School’s out and our whole family is breathing a sigh of relief. Structure is good, but a break from the grind is too. On Tuesday this week, we received in the mail 5 newly hatched baby chicks, as ordered from mypetchicken.com, which has been a happy distraction. The reaction of our friends, neighbors and acquaintances has been interesting – a mix of pleased, curious, surprised and skeptical. Why? What for? Won’t they get eaten? say the skeptics. The enthusiasts all want eggs, which is the main reason we got the chickens in the first place. The breeds we have will lay between 3 and 4 eggs a week, so our max will be about 20 a week, and more likely, closer to 15. Realistically, the neighbors will get first dibs on extra eggs, in order to keep them sweet on the idea of a coop in their neighbor’s yard.
For the moment, the chicks are living in a huge box in our garage with the floor covered in paper towel, changed daily. What I am figuring out very quickly is raising chickens isn’t rocket science, they’re just birds. All you really have to worry about to begin with is the same as with any tiny being: food, water, hygiene and warmth. It’s true that chickens poop a lot. But once they’re outside in their own coop, I don’t suppose we’ll care very much. One of the chicks (Bella) was a little dopey the first day or two and we were worried that it might not make it. But we gave it a little TLC, coaxing it to drink from a dropper and putting in an extra heat light to keep it warm as it seems a bit smaller than the rest. I had read to watch out for “pasting” which is when their poop sticks to their vent hole, hence bunging them up. So far so good until this morning. It was Bella of course. So a wet paper towel, a toothpick and a lots of unhappy chirping for her, but she seems fine now. Again, none of it rocket science, just being attentive and looking out for problems. There are a zillion books and websites on chickens although I found the guy at our local feed shop the most helpful. If you are ever considering backyard chickens, the best thing you can do is befriend someone who’s already done it as there’s nothing like a little local knowledge.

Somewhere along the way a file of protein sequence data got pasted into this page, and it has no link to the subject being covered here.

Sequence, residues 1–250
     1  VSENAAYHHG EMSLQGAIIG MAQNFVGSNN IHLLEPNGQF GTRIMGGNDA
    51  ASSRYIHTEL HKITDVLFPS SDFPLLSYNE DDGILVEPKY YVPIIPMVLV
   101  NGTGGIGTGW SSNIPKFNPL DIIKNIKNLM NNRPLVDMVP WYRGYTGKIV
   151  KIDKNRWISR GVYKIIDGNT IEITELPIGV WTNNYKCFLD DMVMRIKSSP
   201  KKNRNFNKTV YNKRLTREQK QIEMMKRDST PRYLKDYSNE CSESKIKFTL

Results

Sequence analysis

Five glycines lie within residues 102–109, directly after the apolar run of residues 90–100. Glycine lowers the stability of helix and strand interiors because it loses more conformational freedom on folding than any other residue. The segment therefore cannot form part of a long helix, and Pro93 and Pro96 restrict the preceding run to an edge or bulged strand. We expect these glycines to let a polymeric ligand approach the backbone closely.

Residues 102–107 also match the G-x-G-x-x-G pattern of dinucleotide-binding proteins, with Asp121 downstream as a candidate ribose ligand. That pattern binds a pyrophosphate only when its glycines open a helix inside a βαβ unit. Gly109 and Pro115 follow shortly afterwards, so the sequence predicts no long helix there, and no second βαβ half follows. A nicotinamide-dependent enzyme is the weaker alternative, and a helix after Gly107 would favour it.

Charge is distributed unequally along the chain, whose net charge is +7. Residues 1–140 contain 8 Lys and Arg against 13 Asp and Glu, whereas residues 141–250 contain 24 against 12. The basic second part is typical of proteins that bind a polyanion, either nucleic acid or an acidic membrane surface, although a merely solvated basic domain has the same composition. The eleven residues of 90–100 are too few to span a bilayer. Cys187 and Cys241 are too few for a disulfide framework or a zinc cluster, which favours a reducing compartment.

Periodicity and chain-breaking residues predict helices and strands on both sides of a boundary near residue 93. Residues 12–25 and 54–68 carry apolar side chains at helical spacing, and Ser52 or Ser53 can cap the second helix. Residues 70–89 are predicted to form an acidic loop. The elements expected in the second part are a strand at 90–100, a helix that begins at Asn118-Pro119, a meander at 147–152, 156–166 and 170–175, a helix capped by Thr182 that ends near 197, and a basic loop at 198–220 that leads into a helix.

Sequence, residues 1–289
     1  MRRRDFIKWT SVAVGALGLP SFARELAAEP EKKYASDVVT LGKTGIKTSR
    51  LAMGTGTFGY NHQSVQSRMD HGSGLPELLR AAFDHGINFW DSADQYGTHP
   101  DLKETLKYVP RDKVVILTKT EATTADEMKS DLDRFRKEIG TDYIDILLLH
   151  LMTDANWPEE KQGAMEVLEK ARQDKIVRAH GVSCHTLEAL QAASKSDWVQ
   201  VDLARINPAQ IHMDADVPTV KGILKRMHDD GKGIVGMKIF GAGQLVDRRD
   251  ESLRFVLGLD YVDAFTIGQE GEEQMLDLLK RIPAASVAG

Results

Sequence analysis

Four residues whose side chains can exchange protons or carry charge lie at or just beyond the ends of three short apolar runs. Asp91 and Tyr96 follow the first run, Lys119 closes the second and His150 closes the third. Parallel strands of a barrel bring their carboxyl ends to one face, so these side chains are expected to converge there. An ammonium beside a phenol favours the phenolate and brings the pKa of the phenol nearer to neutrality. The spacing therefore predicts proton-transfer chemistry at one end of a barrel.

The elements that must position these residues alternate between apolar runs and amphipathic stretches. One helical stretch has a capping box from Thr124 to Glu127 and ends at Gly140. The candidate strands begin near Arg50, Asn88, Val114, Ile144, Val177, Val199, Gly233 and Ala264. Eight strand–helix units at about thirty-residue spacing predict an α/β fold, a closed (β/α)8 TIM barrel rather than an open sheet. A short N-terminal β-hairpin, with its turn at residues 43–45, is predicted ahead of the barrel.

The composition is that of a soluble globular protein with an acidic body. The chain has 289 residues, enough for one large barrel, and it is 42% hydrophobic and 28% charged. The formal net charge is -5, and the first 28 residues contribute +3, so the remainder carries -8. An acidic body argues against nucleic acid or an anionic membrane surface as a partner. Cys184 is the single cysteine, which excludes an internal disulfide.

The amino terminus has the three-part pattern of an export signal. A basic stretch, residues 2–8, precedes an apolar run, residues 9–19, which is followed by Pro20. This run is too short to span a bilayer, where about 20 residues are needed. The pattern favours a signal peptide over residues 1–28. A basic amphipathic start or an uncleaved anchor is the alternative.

Here’s a picture of my daughter Lucy with the chicks on day 2:
After breakfast today, we had a nice session with them in a smaller box we use when we want to bring them in the house (one of those huge plastic storage bins you can by at the Container Store or Home Depot). We just sat looking at them scratch around in their box, picking up left over bits from our parakeets. There’s something very compelling about just watching these little beings walk around in circles endlessly.
It will be several months before we have any eggs from the chickens, but we will enjoy them all the same. Once they are in the coop, the main deal with caring for them besides keeping them fed and watered is letting them out in the morning and and making sure they’re in at night to keep them safe from coyotes, raccoons and fisher cats. It’s one more thing in our life that seems like it’s moving back to a more natural rhythm (along with biking more for transport) where one has to think about the length of the days and the weather. It feels good to have yet something else in our lives that will help remind us of the importance of that balance and help us keep from being tempted into the timeless, soulless lack of rhythm that modern life’s conveniences, with 24 hour lighting, easy transportation and perfected heating and cooling, tempt us to.